Wednesday, June 20, 2018

Reid Hartmann, Higher Levels - 8

Reid Hartmann's dad Frank coached for one school, but he decided to leave, The St. Louis Post-Dispatch wrote.

His reason: His baseball playing son, The Post-Dispatch wrote.

"I really liked it (coaching) but I wanted to see my son play," Hartmann told The Post-Dispatch, after he eventually took a job coaching his son. "I figured it was one or the other."

The elder Hartmann eventually got to see his son play at higher levels. Reid Hartmann went on to play in college and in the pros. His pro career lasted three seasons. He never made the majors.

Hartmann's pro career began in 1988, taken by the Mets in the 41st round of the draft out of St. Louis Community College-Meramec. He played his high school at Mehlville High in St. Louis.

At Meramec, Hartman went 3 for 4 in a March 1987 game. He also knocked the game-winner. He hit .396 that year, then lost most of the next with a injured thumb.

He started with the Mets in 1988 in the rookie Gulf Coast League. He hit .239 in in 34 games.

Hartmann played 1989 at rookie Kingsport. He scored in a July game. He got into 66 games overall and hit .295.

He then played 1990 between single-A Columbia, high-A St. Lucie and AA Jackson. He saw Jackson for eight games and knocked a double in one contest. He hit a bases-loaded single at St. Lucie. He hit .218 in 78 games between the three levels to end his career.
1990 Minor League Tally
Players/Coaches Featured: 2,950
Made the Majors:1,092-37.0%
Never Made Majors:1,858-63.0%-X
5+ Seasons in the Majors: 453
10+ Seasons in the Minors:273

Rodney Lofton, Bunt The Ball - 13

Originally published July 26, 2010
Rodney Lofton had speed. But he was reluctant to fully take advantage of it. That was essentially what the sentiment of his manager at AAA Rochester in 1992, according to The Baltimore Sun.

Rochester manager Jerry Nerron wanted Lofton to bunt more. Lofton wasn't so sure, The Sun wrote.

"If he gets on base," Narron told The Sun, "he'll play in the big leagues because of his ability to play defense and run the bases."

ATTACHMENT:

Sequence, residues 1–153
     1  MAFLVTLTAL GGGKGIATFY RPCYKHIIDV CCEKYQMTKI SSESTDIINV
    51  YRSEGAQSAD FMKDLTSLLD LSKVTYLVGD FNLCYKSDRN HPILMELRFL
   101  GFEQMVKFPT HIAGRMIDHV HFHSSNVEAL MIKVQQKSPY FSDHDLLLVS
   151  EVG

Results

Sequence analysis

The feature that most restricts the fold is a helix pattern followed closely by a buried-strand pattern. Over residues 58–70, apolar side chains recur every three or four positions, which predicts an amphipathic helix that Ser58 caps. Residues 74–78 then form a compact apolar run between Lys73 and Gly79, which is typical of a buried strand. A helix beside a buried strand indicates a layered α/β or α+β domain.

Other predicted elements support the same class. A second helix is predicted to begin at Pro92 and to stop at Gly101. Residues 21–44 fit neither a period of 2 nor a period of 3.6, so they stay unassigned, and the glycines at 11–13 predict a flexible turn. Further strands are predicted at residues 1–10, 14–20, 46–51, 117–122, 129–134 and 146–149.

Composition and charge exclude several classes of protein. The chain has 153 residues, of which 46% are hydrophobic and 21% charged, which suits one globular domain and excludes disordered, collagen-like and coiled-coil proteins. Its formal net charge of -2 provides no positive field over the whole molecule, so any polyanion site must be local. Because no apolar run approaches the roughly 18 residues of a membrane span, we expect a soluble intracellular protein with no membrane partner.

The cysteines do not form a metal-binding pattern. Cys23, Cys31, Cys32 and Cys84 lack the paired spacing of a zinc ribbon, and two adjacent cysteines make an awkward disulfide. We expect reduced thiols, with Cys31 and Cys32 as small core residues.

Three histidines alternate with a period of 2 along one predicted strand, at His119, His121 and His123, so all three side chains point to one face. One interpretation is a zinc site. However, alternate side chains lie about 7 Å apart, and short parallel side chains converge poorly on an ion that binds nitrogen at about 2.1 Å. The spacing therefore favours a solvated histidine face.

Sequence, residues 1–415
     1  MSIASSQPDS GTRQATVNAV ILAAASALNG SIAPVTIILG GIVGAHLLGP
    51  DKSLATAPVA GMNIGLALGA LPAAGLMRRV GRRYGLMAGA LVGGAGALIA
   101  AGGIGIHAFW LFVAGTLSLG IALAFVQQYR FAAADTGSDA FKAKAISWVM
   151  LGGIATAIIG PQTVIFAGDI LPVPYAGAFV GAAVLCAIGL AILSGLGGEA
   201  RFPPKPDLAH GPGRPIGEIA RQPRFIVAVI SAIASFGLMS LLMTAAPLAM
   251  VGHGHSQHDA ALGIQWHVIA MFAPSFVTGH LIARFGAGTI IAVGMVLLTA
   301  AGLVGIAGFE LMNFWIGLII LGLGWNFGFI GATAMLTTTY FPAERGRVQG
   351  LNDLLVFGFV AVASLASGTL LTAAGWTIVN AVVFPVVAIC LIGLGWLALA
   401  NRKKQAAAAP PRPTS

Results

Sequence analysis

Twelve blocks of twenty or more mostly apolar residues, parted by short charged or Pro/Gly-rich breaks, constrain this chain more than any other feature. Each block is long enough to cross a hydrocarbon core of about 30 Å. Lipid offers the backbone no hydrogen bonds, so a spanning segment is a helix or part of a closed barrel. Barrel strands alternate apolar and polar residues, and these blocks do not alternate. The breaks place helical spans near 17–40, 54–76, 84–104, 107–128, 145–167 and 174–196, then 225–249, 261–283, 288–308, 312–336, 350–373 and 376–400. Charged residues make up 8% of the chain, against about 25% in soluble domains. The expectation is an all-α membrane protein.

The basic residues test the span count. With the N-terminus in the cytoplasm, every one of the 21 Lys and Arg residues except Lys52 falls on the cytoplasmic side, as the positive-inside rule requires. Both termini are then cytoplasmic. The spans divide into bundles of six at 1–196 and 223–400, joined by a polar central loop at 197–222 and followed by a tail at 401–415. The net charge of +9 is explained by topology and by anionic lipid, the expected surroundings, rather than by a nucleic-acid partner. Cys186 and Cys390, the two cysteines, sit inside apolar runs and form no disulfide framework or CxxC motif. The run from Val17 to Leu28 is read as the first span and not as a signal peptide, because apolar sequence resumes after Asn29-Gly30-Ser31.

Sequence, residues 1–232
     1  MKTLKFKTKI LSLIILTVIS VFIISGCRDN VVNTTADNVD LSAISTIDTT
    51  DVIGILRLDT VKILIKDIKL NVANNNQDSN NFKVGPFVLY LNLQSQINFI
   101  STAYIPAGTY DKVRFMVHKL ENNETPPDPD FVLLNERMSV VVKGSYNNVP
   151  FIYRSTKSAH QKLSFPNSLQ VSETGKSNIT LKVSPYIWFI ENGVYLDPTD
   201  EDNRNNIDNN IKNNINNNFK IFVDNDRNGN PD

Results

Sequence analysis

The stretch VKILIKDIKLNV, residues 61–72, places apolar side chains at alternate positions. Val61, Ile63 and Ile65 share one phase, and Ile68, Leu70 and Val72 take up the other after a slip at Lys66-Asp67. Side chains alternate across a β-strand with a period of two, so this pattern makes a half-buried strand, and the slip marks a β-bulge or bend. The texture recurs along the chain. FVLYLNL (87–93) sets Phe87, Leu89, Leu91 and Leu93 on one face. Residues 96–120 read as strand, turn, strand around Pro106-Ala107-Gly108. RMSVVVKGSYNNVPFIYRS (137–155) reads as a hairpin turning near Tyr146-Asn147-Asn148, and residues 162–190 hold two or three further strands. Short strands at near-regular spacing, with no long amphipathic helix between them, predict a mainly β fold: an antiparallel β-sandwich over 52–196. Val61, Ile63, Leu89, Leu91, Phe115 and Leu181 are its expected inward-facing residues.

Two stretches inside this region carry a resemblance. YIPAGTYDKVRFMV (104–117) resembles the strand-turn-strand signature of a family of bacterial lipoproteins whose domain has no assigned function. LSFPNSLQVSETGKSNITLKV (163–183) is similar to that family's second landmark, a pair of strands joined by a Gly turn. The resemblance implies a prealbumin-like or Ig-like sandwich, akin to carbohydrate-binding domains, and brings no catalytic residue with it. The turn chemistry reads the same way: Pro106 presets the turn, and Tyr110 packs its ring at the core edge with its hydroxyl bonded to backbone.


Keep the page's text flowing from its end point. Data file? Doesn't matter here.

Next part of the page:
Whether it was Lofton's reluctance to bunt, or some other reason, Lofton never made it to the big leagues.

Lofton was playing in his fifth year of professional ball. He was drafted by the Orioles in the 13th round of the 1988 draft.

Beginning at short-season Erie, Lofton went on to play at single-A Frederick in 1989, making the Carolina League All-Star team that year.

Lofton made AA Hagerstown in 1990, getting his first taste of AAA Rochester that same year. Lofton was credited with stealing 27 bases that year. In May, The Schenectady Gazette noted Hagerstown's speed, citing Lofton and two other team members topping the stolen base list.

In 1991, that speed shined. Lofton, returning to Hagerstown, stole 56 bases for the Suns, making the Eastern League All-Star team. By early August, Lofton had 48 steals, 13 of those third base, according to The Sun. The previous team record was 38.

Lofton also hit a home run in August, notable in that he hadn't hit one before, in 1.385 at-bats since 1988, according to The Sun.

Lofton split 1992 between Hagerstown and Rochester, slowing down to 21 total steals. He also hit just .235 with Rochester and had an on-base percentage of .279.

It was enough for the Orioles to trade Lofton to the Reds. After a brief stay, Lofton moved on to the Brewers system, where he would end his career. His final year was 1995, with AAA New Orleans. He hit just .217 and stole only nine bases.

Tuesday, June 19, 2018

Dave Miller, Sinker Guy - 18

Years after his playing days ended, The Cleveland Plain Dealer asked Dave Miller what kind of pitcher he was.

"I was a sinker/slider guy," Miller told The Plain Dealer in 2012. "Jason Bere [Indians special assistant], when we go golfing, looks at my legs and says, 'You were a sinker guy.' I made it to Class AAA and had some shoulder injuries that derailed me, but I wanted to stay in the game."

Miller spoke to The Plain Dealer having stayed in the game by then for two decades as both a coach and coordinator. He also spoke to The Plain-Dealer having reached the spot he never could get to as a player, the majors, as 2012 bullpen coach for the Indians.

Miller's career in the game began 1986, taken by the Orioles in the first round of the January secondary draft out of Camden County College in New Jersey.

With the Orioles, Miller started at rookie Bluefield, going 6-4, with a 3.28 ERA over 13 starts. He returned to Bluefield for 1987, going 0-9 with a 5.49 ERA over 12 starts that season.

Miller moved to short-season Erie and single-A Hagerstown for 1988, then single-A Frederick for 1989. With Frederick, Miller went 13-4, with a 2.88 ERA. He picked up his final win in late August, with a 7-2 win over Prince William.

Miller moved to AA Hagerstown in 1990, he also turned into a reliever. In 24 outings, seven starts, Miller picked up seven saves and a 2.81 ERA.